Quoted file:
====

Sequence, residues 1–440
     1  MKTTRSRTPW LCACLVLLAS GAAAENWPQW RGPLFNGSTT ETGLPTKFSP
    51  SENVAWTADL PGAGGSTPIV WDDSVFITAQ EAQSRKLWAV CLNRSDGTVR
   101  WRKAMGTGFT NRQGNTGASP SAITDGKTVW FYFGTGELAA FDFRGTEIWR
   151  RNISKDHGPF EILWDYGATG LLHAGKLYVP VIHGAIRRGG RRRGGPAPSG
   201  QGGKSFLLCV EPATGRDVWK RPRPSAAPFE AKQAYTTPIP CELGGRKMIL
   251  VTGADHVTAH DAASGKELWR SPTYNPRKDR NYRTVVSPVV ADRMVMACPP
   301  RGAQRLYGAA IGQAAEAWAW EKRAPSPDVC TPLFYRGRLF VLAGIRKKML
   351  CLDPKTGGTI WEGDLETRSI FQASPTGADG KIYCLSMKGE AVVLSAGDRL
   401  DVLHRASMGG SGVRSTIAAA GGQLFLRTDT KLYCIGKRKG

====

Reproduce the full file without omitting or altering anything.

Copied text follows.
Sequence, residues 1–440
     1  MKTTRSRTPW LCACLVLLAS GAAAENWPQW RGPLFNGSTT ETGLPTKFSP
    51  SENVAWTADL PGAGGSTPIV WDDSVFITAQ EAQSRKLWAV CLNRSDGTVR
   101  WRKAMGTGFT NRQGNTGASP SAITDGKTVW FYFGTGELAA FDFRGTEIWR
   151  RNISKDHGPF EILWDYGATG LLHAGKLYVP VIHGAIRRGG RRRGGPAPSG
   201  QGGKSFLLCV EPATGRDVWK RPRPSAAPFE AKQAYTTPIP CELGGRKMIL
   251  VTGADHVTAH DAASGKELWR SPTYNPRKDR NYRTVVSPVV ADRMVMACPP
   301  RGAQRLYGAA IGQAAEAWAW EKRAPSPDVC TPLFYRGRLF VLAGIRKKML
   351  CLDPKTGGTI WEGDLETRSI FQASPTGADG KIYCLSMKGE AVVLSAGDRL
   401  DVLHRASMGG SGVRSTIAAA GGQLFLRTDT KLYCIGKRKG